Remember that time you tried to top yourself by hiding under the covers? That was hilarious. I remember you tugging at the edges of the blanket and praying, without a shred of scientific evidence, that the lack of oxygen would be enough to kill you. You sat under there for something like fifteen minutes before you gave up and went to make a sandwich. But while you were under there, choking a little on your pillow because you never washed your sheets, I remember you thought someone was watching. Someone who understood your suffering. Someone who understood you.
Kid, that was me. And I've got two words for you: man up. Life can get a whole lot harder than this. Before too much longer, it's going to. And by the time you get to my age, you're going to be glad.
Why were you hiding under there, anyway? It must have been important, because I've completely forgotten. Maybe you were fighting with your parents. Maybe they were threatening to do it on your bed. You hate them now, but it might surprise you to learn that your family will never again be this stable. Your mother will leave your stepfather for a man she met on a play-by-email Dungeons & Dragons game, carrying out her courtship with him right there in the tavern until the dungeon master, plainly frustrated, asks them to keep roleplay and cybersex separate. You'll handle this better than you expected, though your stepfather will be gutted. It was his D&D game.
Eventually, your mother will leave you too, picking up sticks and moving to England in order to be closer to the man she loves, who lives in America. You'll live alone in the family home for half a year, subsisting mainly on packet pasta and hash browns, until your stepfather remembers you exist and kicks you out. At this point, you'll have to learn to beg money from the government. You'll drift from friend's flat to friend's couch to friend's floor before being taken in by university housing as an emergency case on the fast track to becoming a basket case. Then, before you've even got your posters up on the walls, your mother will return with your new father-figure in tow. He'll stay for a few months, leave on the pretext of looking after his own daughter, then return to shack up with some woman with a sex dungeon in her basement.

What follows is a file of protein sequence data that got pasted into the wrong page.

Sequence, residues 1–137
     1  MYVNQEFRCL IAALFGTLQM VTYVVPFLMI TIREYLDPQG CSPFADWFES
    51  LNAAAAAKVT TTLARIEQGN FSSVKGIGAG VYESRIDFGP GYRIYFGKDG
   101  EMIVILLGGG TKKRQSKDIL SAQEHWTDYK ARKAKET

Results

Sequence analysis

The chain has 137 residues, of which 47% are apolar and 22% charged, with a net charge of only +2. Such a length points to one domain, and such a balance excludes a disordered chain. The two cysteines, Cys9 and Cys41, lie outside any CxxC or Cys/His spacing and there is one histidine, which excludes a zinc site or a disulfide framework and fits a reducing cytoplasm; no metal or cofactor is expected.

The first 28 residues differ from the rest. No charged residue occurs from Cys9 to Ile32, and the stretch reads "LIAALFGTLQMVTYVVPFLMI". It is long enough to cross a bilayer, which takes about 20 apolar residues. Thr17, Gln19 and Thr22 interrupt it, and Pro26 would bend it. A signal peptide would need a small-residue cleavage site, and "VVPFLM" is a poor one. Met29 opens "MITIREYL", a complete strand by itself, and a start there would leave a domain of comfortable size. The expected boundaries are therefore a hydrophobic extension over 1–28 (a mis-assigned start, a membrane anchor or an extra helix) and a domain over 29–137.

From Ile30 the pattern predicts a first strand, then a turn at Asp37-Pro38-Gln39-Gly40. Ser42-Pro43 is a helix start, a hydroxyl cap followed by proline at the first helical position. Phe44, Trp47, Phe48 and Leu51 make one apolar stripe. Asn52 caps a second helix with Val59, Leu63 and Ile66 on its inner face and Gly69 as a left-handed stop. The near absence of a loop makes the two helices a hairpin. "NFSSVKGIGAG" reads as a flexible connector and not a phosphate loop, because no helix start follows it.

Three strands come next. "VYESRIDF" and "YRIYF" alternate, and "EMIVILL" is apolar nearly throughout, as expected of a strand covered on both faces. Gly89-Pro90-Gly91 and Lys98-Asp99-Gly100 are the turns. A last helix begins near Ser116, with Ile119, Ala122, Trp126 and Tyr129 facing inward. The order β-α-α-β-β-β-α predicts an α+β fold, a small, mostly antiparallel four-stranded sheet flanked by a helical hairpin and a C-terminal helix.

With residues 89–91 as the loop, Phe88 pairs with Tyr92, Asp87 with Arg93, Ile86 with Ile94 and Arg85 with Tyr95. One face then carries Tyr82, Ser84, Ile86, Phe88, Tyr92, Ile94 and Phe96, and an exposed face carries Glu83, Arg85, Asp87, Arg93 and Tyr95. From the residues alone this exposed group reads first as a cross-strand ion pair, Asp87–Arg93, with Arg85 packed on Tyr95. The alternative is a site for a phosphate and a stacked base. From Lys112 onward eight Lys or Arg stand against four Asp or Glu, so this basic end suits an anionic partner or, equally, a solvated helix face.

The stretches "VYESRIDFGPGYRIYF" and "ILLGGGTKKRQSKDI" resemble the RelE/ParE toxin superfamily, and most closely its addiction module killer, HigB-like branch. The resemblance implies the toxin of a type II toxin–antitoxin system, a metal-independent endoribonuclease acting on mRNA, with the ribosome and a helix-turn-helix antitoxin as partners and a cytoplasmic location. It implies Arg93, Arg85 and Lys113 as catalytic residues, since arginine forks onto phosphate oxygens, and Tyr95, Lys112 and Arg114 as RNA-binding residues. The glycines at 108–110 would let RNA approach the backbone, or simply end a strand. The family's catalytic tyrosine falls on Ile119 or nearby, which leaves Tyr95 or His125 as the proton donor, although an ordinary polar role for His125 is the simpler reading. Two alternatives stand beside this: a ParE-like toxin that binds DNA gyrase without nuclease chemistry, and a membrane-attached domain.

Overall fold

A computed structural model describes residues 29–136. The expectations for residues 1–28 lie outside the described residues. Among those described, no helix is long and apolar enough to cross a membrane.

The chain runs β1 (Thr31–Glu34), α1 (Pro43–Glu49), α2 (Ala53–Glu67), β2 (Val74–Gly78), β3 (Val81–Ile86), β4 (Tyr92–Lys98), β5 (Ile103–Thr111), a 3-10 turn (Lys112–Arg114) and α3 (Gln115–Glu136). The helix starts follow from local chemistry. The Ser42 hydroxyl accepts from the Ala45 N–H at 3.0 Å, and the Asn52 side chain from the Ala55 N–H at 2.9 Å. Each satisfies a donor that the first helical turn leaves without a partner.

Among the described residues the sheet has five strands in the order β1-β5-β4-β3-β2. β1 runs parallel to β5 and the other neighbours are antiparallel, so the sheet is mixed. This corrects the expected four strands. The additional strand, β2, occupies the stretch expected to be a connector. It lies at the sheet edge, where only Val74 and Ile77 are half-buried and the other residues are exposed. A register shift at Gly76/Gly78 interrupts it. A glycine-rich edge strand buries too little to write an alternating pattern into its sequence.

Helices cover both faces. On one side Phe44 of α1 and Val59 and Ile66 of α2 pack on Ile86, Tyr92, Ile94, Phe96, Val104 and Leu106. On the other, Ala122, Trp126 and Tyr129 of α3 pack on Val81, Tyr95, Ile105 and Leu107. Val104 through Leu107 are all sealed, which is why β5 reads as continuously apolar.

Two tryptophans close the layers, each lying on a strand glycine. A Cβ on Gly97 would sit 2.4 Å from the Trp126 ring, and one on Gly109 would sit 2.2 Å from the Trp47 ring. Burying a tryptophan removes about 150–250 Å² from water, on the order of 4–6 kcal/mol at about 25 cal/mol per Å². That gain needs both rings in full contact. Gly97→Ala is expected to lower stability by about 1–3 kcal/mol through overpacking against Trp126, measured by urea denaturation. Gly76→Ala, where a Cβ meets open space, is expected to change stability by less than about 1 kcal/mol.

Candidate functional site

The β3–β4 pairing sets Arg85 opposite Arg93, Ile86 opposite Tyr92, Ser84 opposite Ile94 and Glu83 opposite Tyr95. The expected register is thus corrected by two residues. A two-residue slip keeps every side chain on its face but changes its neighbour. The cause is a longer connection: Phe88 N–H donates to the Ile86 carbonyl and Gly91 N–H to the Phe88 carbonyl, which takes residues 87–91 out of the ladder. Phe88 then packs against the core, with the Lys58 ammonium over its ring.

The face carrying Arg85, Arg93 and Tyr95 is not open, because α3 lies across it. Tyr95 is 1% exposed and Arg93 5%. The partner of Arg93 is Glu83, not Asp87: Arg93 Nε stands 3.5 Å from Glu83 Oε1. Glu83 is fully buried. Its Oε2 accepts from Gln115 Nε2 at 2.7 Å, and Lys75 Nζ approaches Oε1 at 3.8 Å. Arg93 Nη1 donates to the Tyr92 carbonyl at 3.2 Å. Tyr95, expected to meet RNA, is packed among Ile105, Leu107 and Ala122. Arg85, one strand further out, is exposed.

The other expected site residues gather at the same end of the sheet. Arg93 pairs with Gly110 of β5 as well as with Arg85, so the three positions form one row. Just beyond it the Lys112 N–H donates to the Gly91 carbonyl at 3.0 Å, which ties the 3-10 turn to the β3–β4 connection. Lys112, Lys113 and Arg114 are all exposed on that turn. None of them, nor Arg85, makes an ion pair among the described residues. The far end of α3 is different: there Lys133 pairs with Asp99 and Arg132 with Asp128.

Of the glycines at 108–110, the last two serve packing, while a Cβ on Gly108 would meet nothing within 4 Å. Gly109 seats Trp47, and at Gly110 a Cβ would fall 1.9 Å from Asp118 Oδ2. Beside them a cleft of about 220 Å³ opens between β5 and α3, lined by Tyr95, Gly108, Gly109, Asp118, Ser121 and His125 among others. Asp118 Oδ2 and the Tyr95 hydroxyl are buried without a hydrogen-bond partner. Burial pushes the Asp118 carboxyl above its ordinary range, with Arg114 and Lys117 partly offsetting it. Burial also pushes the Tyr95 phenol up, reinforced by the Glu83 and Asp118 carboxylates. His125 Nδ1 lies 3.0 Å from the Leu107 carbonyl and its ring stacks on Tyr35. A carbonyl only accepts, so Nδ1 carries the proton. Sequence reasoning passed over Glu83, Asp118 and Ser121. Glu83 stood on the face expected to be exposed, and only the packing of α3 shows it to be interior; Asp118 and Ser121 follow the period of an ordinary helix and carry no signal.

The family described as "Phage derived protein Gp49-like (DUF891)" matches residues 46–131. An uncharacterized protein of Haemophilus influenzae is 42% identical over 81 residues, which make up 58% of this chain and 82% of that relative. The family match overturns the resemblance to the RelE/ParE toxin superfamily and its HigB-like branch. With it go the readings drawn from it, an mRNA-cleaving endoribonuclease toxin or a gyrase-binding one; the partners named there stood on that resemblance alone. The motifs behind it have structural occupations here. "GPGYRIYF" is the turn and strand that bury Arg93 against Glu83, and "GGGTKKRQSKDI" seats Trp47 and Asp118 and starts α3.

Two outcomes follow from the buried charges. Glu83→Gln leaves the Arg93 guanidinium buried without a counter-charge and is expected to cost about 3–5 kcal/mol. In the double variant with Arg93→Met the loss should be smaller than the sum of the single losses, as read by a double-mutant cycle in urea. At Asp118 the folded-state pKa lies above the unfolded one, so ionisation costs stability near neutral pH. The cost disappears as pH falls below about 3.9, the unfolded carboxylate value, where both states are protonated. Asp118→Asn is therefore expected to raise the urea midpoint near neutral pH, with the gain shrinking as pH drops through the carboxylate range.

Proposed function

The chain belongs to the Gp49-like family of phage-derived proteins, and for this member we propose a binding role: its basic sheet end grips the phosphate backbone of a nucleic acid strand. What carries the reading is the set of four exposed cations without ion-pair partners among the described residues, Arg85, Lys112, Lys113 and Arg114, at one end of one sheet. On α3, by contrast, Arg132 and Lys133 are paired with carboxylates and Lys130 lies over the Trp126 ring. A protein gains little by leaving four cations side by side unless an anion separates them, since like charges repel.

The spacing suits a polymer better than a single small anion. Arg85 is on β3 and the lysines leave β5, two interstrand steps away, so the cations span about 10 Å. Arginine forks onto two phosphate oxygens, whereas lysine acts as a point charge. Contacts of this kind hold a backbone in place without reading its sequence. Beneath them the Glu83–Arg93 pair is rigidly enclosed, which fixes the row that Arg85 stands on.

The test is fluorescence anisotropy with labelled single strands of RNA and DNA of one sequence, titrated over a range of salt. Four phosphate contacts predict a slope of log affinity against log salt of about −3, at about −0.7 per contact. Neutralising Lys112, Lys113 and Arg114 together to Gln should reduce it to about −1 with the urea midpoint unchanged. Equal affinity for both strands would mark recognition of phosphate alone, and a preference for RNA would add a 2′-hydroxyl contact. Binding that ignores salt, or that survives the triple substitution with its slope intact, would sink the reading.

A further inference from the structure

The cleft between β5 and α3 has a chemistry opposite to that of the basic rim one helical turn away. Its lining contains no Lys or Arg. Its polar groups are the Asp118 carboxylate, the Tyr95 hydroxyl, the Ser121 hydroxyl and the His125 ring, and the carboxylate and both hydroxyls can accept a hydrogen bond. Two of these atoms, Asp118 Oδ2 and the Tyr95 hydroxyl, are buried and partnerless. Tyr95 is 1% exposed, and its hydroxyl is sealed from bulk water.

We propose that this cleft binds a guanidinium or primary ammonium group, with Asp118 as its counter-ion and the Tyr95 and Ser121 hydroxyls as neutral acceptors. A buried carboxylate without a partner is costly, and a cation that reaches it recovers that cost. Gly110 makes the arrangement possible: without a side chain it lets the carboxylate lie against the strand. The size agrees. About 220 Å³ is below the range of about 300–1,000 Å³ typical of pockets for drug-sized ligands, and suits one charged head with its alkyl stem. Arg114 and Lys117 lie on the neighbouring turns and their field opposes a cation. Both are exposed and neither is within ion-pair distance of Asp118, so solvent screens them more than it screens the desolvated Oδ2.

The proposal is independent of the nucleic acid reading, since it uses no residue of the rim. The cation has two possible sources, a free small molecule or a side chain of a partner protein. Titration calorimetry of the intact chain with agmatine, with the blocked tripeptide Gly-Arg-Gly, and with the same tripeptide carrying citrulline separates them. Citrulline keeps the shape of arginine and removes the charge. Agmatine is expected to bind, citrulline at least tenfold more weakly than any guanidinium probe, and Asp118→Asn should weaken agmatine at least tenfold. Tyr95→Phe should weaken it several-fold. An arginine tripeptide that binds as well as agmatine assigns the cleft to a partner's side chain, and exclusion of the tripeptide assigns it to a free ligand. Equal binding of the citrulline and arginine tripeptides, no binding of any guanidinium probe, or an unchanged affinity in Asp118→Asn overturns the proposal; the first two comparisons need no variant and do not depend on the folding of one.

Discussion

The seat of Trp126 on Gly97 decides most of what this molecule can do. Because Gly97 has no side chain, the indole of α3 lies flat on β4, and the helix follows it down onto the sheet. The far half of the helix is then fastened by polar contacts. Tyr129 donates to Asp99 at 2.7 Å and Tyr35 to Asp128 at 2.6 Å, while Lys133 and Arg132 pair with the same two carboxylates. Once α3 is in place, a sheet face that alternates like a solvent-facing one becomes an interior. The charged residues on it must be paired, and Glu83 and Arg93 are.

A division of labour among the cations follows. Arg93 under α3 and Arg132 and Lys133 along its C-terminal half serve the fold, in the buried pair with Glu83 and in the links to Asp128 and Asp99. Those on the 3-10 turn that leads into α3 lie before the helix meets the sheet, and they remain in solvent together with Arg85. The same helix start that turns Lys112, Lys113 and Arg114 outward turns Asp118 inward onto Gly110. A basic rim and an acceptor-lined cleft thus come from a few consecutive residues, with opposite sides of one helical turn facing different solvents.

Those government handouts will start to look really good.
Boys will happen. Later on, men will happen. You'll fall in and out of love, in and out of infatuation and, on one occasion, fall right out of the bed because the sex is just that boring. The love of your life will fade away, to be replaced by a second love of your life, a whole series of loves of your life, possibly accompanied by some sort of colour-coded chart. Because parents are here to help with the subtle polka of seduction, your mother will conclude that meeting one of your new boyfriends is the perfect opportunity to seek feedback on her new silver-topped riding crops. You'll be promiscuous—though in hindsight, not nearly promiscuous enough. However, you will have the pleasure of asking your eighth sexual partner out on the 8/8/2008, and telling him over a glass of wine and the Olympic opening ceremony that he is your "lucky shag".